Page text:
On July 7, 2020, Ontario’s Legislative Assembly passed Bill 161, the Smarter and Stronger Justice Act, 2020. The Act, which gained Royal Assent the next day, amends a number of statutes, including the Class Proceedings Act, 1992 (CPA). These changes to the CPA are now law, and will officially come into force on a proclamation date to be fixed in the future.
BLG has previously written about the proposed changes to the CPA. Most of these changes have now been formally enacted into law. Among the most noteworthy changes to the CPA are changes to the certification test, changes that address the proliferation of competing multi-jurisdictional class proceedings, changes to the relative availability of pre-certification motions and changes to appeal routes.
The CPA’s certification-related amendments add new gloss on the long-standing certification requirement in section 5(1)(d) of the CPA that a class action must be “the preferable procedure for the resolution of the common issues.” The amendments provide that, in order for a class action to be the preferable procedure, it must “at a minimum” be “superior to all reasonably available means” of addressing class members’ claims, and the proposed common issues to be addressed by the class action must “predominate over any questions affecting only individual class members.” These new predominance and superiority requirements will reduce the number of proposed class actions that satisfy the “preferable procedure” criterion for certification in Ontario.
Multi-jurisdictional class actions
The multi-jurisdictional amendments to the CPA explicitly call on the Ontario court to have regard to competing class actions in other Canadian jurisdictions involving the same or similar subject matter. When a motion for certification is brought in Ontario in a multi-jurisdictional class proceeding, the representative plaintiff is now required to give notice of the motion to a proposed representative plaintiff in a competing multi-jurisdictional proceeding, who will be entitled to make submissions at certification. In determining whether the class action is the “preferable procedure,” amendments to the CPA now mandate a determination by the Ontario court as to “whether it would be preferable for some or all of the claims of some or all of the class members, or some or all of the common issues raised by those claims, to be resolved in the proceeding commenced in the other jurisdiction instead of in the proceeding under [the CPA].”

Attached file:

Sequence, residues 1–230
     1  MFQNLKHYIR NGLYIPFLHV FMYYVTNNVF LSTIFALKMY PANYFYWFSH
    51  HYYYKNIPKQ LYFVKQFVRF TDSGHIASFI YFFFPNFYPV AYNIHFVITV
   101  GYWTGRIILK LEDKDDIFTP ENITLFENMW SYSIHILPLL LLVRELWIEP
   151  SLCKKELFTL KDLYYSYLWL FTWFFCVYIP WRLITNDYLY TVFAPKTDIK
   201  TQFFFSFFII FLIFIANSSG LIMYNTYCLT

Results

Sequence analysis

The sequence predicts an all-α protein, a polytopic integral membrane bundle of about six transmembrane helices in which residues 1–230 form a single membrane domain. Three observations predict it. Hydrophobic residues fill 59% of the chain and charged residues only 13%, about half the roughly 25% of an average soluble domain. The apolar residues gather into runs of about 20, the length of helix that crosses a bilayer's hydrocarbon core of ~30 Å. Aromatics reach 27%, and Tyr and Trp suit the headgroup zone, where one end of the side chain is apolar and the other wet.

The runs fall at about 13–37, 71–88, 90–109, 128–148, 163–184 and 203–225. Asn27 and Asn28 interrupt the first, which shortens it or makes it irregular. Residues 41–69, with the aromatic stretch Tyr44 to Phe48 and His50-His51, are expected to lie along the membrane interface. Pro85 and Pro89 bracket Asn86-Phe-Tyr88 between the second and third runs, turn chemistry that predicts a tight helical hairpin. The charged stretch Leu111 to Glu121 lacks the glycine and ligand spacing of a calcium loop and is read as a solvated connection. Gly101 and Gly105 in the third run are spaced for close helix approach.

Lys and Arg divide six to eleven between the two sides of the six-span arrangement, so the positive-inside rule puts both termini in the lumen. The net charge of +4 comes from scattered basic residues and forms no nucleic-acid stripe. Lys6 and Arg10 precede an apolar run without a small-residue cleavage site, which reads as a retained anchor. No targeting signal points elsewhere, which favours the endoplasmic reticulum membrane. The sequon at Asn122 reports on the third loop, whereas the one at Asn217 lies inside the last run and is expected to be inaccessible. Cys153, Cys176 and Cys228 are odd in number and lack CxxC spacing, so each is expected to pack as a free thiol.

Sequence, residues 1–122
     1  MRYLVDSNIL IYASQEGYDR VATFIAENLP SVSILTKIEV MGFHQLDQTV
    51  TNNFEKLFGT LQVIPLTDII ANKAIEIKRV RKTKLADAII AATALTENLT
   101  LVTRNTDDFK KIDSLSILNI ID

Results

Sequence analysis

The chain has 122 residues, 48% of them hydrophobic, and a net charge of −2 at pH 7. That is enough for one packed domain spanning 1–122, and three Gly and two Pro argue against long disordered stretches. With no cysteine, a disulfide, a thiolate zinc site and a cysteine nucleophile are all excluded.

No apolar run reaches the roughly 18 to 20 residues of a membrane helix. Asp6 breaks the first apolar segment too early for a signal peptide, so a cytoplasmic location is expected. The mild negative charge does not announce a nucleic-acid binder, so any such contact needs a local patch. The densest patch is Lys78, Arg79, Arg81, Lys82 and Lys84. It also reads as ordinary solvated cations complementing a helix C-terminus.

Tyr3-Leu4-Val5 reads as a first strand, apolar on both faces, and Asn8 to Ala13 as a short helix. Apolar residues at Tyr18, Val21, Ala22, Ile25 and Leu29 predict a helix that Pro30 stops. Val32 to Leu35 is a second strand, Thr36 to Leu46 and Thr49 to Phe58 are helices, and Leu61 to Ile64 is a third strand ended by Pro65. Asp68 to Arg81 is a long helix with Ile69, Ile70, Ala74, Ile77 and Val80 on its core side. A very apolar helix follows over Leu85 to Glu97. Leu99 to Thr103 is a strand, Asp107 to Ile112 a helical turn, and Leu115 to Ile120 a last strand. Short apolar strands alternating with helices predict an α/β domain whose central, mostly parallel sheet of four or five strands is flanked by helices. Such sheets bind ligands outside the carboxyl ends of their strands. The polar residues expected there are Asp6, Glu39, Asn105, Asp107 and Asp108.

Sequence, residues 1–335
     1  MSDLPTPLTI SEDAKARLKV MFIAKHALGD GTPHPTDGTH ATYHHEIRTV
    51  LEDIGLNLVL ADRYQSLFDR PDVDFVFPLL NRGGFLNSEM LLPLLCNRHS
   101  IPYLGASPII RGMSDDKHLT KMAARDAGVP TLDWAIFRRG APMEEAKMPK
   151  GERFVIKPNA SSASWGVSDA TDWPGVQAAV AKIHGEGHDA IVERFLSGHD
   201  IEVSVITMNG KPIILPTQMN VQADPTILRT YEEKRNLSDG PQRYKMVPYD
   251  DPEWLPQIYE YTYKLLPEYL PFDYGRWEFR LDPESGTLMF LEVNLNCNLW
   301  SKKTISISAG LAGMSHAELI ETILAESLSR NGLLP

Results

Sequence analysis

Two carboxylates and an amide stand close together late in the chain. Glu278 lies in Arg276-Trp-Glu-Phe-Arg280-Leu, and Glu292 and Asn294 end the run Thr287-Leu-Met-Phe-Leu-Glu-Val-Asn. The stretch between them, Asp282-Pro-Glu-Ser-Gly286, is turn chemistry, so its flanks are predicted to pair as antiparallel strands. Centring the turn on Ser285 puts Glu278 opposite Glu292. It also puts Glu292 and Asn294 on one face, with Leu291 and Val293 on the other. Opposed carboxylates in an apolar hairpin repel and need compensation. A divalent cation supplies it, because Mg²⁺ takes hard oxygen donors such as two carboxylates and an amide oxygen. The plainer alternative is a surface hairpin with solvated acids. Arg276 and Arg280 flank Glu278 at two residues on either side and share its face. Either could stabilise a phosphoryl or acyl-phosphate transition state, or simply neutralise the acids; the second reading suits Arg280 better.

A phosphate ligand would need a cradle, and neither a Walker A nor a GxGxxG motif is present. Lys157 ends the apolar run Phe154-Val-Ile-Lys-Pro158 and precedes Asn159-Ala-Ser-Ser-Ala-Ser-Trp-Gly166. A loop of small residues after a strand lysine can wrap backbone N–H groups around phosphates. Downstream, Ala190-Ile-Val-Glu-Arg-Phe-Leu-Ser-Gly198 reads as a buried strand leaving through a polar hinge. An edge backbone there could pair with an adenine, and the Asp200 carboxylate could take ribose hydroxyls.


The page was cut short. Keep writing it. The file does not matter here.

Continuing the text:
The amended CPA will introduce a new section 4.1, which appears designed to facilitate a greater number of pre-certification motions. Plaintiffs in proposed class proceedings, who generally want the certification motion to be the first order of business, tend to resist such motions. While class proceedings judges already have the discretion to permit pre-certification motions in limited circumstances, section 4.1 expressly requires that a pre-certification motion that “may dispose of the proceeding in whole or in part, or narrow the issues to be determined or the evidence to be adduced” be heard before certification, subject to the discretion of the class proceedings judge to order that the proposed motion be heard at the same time as the certification motion. It is very likely that section 4.1 will embolden defendants in proposed class proceedings to bring a greater number of pre-certification motions, attempting to narrow the scope of proposed class proceedings pending against them.
The amendments to the CPA eliminate appeals of certification decisions to the Divisional Court, and introduce a reciprocal right of appeal by either a proposed representative plaintiff or a defendant directly to the Court of Appeal for Ontario. This change to the CPA received broad support, as it truncates the appeal routes for certification and will lead to timely final determinations regarding whether a proposed class action passes the certification hurdle.
The sweeping changes to modern class actions brought about by the amendments to the CPA will have a significant effect on class actions in Ontario in the years ahead. Once the proclamation date is finalized for these amendments, BLG will release a more detailed analysis of the amended CPA and its expected implications.